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Next entry: For British state education read Soviet tractors
Previous entry: The business of Indian higher education
Tuesday December 11 2007

Malcolm Gladwell writes about the Flynn effect, which is the tendency for IQ, whatever exactly IQ is and however exactly you measure it, to rise from generation to generation, suggesting that IQ is an environmental effect rather than a genetic one.  Flynn picture on the right from here (on the right - scroll down a bit).
image
Start of Gladwell’s article:

One Saturday in November of 1984, James Flynn, a social scientist at the University of Otago, in New Zealand, received a large package in the mail. It was from a colleague in Utrecht, and it contained the results of I.Q. tests given to two generations of Dutch eighteen-year-olds. When Flynn looked through the data, he found something puzzling. The Dutch eighteen-year-olds from the nineteen-eighties scored better than those who took the same tests in the nineteen-fifties - and not just slightly better, much better.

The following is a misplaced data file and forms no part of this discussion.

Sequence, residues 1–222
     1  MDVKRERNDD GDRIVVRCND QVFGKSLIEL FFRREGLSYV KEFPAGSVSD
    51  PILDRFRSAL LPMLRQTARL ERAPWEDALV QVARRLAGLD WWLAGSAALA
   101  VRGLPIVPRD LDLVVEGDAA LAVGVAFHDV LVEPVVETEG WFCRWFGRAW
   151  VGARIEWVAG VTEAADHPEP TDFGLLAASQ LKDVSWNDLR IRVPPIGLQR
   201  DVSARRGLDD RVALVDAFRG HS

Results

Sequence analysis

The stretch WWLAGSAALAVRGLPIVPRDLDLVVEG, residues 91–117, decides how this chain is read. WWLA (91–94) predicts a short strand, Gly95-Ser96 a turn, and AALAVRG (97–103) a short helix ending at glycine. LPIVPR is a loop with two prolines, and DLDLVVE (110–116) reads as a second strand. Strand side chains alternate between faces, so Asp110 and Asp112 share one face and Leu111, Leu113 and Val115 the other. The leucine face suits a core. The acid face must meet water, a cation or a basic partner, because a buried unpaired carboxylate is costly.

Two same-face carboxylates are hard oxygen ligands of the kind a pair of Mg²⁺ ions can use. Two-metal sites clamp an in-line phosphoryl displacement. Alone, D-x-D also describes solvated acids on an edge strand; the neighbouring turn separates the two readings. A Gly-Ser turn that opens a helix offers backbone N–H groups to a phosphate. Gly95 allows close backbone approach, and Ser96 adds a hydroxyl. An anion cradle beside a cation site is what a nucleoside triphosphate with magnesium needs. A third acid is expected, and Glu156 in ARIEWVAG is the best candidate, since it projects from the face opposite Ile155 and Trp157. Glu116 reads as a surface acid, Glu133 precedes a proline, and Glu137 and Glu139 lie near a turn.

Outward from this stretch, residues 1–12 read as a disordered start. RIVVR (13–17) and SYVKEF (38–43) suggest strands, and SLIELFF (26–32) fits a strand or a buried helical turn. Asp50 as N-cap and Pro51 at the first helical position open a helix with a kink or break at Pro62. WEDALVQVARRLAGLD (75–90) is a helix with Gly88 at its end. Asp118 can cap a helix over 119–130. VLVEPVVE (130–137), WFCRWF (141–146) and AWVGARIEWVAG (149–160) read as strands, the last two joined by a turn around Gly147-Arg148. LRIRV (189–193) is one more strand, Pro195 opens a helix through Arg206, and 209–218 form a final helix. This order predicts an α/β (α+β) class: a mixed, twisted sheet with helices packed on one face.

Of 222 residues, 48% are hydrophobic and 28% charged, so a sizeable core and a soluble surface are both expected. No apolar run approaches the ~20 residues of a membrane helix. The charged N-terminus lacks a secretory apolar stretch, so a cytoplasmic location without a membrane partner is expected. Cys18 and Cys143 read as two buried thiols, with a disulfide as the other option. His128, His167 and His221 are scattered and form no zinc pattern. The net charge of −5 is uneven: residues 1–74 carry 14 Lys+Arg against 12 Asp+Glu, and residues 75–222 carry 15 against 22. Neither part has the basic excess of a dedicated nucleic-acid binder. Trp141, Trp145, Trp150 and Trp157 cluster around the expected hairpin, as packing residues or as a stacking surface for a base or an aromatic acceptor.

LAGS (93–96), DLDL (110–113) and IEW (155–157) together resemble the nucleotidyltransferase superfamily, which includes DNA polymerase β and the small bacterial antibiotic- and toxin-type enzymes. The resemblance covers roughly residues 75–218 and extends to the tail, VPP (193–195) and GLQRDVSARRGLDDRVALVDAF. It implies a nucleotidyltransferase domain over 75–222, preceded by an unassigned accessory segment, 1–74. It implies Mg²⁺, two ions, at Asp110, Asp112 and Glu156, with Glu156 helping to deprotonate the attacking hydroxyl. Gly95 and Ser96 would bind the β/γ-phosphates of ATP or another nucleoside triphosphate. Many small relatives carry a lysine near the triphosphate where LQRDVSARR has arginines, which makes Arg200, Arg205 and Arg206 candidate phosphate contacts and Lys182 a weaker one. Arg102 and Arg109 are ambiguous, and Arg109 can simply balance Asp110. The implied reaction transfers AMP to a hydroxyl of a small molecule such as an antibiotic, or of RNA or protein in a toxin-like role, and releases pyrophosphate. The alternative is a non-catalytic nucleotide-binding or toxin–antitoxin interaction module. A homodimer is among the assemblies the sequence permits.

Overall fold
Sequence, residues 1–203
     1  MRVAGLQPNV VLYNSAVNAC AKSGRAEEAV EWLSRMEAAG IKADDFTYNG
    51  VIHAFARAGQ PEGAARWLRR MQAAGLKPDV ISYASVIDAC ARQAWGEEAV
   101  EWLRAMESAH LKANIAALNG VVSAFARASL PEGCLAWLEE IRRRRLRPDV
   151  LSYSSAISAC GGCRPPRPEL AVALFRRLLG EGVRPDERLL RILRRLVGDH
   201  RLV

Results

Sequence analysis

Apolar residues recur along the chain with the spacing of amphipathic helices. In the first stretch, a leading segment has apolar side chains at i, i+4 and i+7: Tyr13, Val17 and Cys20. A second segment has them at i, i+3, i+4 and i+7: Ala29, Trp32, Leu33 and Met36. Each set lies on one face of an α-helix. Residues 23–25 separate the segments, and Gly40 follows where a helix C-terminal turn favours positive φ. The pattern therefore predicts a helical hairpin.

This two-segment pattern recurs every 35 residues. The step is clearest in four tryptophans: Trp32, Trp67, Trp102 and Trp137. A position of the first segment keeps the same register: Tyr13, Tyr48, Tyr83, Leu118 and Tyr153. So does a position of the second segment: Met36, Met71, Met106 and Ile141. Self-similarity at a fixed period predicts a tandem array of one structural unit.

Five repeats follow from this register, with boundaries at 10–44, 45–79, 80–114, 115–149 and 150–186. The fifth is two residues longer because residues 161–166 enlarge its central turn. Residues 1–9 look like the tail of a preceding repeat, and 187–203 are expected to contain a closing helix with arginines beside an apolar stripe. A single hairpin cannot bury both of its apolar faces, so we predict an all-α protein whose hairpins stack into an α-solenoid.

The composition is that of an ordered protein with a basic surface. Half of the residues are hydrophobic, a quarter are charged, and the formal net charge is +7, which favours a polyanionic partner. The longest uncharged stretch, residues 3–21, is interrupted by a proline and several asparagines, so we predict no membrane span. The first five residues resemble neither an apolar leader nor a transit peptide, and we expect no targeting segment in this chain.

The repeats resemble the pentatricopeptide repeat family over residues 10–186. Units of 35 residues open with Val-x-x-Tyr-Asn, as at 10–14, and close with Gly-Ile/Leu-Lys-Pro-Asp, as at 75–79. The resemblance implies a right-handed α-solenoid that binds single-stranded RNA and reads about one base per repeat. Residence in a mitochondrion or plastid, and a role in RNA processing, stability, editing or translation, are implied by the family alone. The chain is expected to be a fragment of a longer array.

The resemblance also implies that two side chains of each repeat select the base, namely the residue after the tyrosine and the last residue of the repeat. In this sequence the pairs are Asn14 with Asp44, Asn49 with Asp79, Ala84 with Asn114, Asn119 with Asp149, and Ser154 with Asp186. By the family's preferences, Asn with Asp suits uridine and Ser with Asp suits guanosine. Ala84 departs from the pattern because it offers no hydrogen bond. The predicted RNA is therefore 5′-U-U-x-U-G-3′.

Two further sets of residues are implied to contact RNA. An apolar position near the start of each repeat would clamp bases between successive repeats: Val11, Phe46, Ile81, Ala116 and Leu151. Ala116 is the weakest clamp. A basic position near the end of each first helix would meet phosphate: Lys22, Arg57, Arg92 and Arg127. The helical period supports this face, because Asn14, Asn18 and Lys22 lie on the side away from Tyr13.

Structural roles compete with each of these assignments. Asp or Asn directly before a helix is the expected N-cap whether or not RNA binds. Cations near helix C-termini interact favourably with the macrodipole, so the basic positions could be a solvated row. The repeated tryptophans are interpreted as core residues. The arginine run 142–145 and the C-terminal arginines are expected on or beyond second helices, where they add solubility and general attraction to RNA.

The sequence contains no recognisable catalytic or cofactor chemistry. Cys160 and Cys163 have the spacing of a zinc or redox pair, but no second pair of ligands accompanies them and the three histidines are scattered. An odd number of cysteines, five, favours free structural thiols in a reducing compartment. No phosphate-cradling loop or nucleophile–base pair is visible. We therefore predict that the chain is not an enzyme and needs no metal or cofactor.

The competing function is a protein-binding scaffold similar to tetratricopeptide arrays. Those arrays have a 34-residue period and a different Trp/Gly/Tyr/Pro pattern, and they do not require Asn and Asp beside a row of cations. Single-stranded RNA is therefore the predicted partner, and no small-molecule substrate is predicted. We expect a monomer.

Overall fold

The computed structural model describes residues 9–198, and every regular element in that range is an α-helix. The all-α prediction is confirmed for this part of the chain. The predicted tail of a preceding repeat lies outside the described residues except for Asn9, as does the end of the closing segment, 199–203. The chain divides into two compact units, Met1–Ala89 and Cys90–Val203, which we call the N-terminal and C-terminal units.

Curious, Flynn sent out some letters. He collected intelligence-test results from Europe, from North America, from Asia, and from the developing world, until he had data for almost thirty countries. In every case, the story was pretty much the same. I.Q.s around the world appeared to be rising by 0.3 points per year, or three points per decade, for as far back as the tests had been administered. For some reason, human beings seemed to be getting smarter.

Flynn has been writing about the implications of his findings - now known as the Flynn effect - for almost twenty-five years. ...

End of Gladwell’s article:

“The mind is much more like a muscle than we’ve ever realized,” Flynn said. “It needs to get cognitive exercise. It’s not some piece of clay on which you put an indelible mark.” The lesson to be drawn from black and white differences was the same as the lesson from the Netherlands years ago: I.Q. measures not just the quality of a person’s mind but the quality of the world that person lives in.

I recommend reading what’s in between as well.

Questions: Will this effect eventually stop?  Are there any cases of IQs going down over time, from one generation to the next?  Because surely an environment can get stupider, can it not?  Might that be what would be meant by the decline of a civilisation?

If so, good to able at least to believe rationally that our civilisation is still on the up and up, as I definitely believe it is.